The good news for Virgil is that he ended up with an FBS scholarship, as did Swenson. Marshall, who said many of his scholarship offers were no longer available because of lack of space in the class, is currently the top-ranked player in Samford's class.
As for Cole, there's still time for him to land somewhere. Remember, national signing day is only the first day of the actual signing period. Cole will have until April 1 to sign a national letter of intent.
It won't be with the school he originally committed to, but that's the business side of recruiting that no one likes discussing.
Damon Sayles is a National Recruiting Analyst for Bleacher Report. All quotes were obtained firsthand. All player ratings are courtesy of 247Sports' composite ratings. Follow Damon via Twitter @DamonSayles.
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With one day left before national signing day on February 3, coaches are hustling around like Christmas Eve shoppers looking to secure that one last recruit that will solidify their classes.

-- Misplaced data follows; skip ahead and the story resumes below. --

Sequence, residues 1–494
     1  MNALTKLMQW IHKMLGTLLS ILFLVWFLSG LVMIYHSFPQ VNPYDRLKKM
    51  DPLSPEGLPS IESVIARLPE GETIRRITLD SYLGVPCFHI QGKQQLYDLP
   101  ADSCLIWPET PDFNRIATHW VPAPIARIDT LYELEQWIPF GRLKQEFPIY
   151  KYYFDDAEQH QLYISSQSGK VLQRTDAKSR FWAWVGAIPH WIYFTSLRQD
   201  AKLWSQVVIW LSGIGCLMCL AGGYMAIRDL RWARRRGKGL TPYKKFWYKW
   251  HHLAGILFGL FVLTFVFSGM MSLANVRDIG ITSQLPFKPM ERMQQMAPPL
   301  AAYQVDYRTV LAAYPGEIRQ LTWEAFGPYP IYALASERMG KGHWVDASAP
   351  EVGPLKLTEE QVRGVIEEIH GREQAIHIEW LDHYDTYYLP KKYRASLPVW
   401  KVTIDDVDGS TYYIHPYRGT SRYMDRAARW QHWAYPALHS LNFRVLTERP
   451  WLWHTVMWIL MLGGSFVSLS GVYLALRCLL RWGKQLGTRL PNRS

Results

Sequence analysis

While there are plenty of great prospects who have already announced, Wednesday will still serve as decision day for many of the nation's top high school athletes.
Here's a look at the top prospects in the nation who have yet to sign, according to 247Sports' composite rankings, and where they could be headed.
Most Intriguing Prospect to Watch
Rashan Gary, DT, Paramus Catholic (Paramus, New Jersey)
Defensive tackle Rashan Gary will undoubtedly be the biggest prize on Wednesday. The 5-star defensive tackle has the body and athleticism to make an immediate impact on the field as well as the final recruiting rankings. He's the No. 1 player in the nation, according to 247Sports' composite rankings.